The advent and proliferation of control and process equipment in the 20th century typically did not have a focus outside of performance, reliability and safety. Security, and the impact of security, was mostly observed via physical protections and access to the equipment and facilities. As the new century has become more connected, these systems often contain mainstream hardware and widely available software and are connected with the larger IT infrastructure. This transition offers greater flexibility in system design and integration, but it also creates some unique challenges that today highlight the importance of cybersecurity, especially regarding critical infrastructure such as chemical, critical manufacturing and energy and utilities.
Historically, the equipment had proprietary designs with limited shared technologies outside of hardware like cabling, processors/chipsets and memory cards. Over the last few decades, there has been a significant increase of “shared technology” like control hardware operating systems, open source and commercial software, including common communication specifications for interoperability.
Manufacturers and system operators and installers are now faced with securing platforms built from and on software that is just as readily accessible to bad actors as it is to the industry. As expected, this scenario creates a cat-and-mouse environment, which means cybersecurity needs to remain a top priority to help ensure continued preparedness and continue to drive the innovation for this century. This helps to explain why 71 percent of respondents in Utility Dive’s 2017 State of the Electric Utility Survey Report listed cyber and physical security as “important” or “very important.” Fortunately, by learning from past experiences and taking internal actions with the resources you already have, it is possible to be better prepared when facing the new challenges and potential vulnerabilities that exist in today’s connected world.
Five Important Lessons
In December 2015, the Ukrainian power grid was hit by a major cyberattack that led to 225,000 people losing power for several hours. The hackers — now suspected to be Russian, based on several leading cybersecurity firms’ assessments even disabled the uninterruptible power supply at each of the three substations that were hacked. In December of the following year, the capital city of Kiev was hit by another attack, likely from the same group of hackers, that led to several hours of a blackout.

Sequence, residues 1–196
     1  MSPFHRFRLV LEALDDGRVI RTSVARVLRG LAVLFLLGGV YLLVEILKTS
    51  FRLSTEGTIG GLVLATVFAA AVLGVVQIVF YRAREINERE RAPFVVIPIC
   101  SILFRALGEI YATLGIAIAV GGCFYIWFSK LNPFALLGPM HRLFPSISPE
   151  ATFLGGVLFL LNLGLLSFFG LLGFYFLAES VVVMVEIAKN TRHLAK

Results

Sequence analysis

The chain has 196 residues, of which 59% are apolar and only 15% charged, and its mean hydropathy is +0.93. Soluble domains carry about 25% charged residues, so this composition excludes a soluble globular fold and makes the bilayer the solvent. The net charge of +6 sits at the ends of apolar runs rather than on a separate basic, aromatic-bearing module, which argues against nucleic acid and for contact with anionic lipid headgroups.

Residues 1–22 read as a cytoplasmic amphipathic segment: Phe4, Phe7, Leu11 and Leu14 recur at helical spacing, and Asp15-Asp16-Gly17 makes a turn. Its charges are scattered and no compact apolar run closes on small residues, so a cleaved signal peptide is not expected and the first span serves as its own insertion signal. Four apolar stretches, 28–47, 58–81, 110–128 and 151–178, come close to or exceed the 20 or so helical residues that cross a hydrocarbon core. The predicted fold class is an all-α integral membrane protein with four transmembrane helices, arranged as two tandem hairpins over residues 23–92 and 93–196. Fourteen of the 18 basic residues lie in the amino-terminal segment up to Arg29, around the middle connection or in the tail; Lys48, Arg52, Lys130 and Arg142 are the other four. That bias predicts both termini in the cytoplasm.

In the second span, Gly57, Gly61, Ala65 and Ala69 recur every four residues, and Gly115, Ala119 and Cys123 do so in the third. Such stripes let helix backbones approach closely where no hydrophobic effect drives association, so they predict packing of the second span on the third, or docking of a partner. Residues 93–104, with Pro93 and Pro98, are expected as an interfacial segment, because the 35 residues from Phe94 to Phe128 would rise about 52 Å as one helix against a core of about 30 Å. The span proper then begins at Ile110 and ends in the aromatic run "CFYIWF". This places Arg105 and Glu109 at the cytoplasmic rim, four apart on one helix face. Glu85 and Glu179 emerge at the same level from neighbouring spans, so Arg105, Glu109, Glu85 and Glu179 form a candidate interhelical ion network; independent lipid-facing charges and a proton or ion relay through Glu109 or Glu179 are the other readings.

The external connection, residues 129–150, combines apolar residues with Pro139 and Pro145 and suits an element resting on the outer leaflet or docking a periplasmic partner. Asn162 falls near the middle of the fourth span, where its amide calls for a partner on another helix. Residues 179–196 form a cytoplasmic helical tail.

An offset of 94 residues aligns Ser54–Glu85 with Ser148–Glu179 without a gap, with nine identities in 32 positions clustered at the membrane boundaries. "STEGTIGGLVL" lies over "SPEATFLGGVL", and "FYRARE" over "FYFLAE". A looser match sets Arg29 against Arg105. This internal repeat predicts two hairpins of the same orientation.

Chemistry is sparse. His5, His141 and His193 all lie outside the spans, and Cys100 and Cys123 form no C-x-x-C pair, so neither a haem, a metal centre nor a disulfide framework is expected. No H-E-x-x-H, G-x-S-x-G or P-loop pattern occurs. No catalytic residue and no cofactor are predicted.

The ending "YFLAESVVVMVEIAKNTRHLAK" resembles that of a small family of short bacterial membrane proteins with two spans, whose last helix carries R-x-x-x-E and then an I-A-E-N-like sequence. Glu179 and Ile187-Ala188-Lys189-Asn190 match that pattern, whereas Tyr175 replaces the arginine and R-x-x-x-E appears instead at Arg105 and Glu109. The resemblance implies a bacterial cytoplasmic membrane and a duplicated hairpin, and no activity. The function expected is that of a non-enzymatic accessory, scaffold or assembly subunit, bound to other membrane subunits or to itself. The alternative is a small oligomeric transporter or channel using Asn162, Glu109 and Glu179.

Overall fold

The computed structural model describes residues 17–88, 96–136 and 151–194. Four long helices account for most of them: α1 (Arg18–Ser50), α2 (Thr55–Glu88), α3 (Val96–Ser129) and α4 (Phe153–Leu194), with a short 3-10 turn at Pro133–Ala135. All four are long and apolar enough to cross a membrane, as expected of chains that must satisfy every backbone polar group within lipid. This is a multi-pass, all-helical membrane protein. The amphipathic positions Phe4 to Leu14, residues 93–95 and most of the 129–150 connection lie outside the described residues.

The Electricity Information Sharing and Analysis Center (E-ISAC) conducted a detailed study of these events and established five lessons to be learned from the successful nature of the attacks:
- Early Activity is an Indicator – The hackers that attacked Ukrainian entities gained “reconnaissance” style access to the system several months in advance of the actual event. With larger scale attacks, this is common and, if you continue to actively monitor the activity in your system, discovering these events can prove valuable whether it occurs during the event or afterwards.
- Every Minute Counts – In Ukraine, the attacks occurred minutes apart. Those minutes presented a unique opportunity for defenders to take the upper hand.
- Broad Protection – Though specific malware may be mentioned regarding an attack, it is not smart to focus too heavily on that particular method as there are typically numerous approaches that could lead to a successful system breach.
- Coverage for All Systems – When cyberattacks were first beginning to take shape, they were often targeting a specific operating system. Today, a single attack can cover all systems, meaning every system should be guarded equally.
- Information Sharing – Intellectual property is important to all companies, but sharing intelligence regarding potential security breaches can help the larger industry better guard against potential attacks that could be widespread and damaging.
Plan Now to Plan Ahead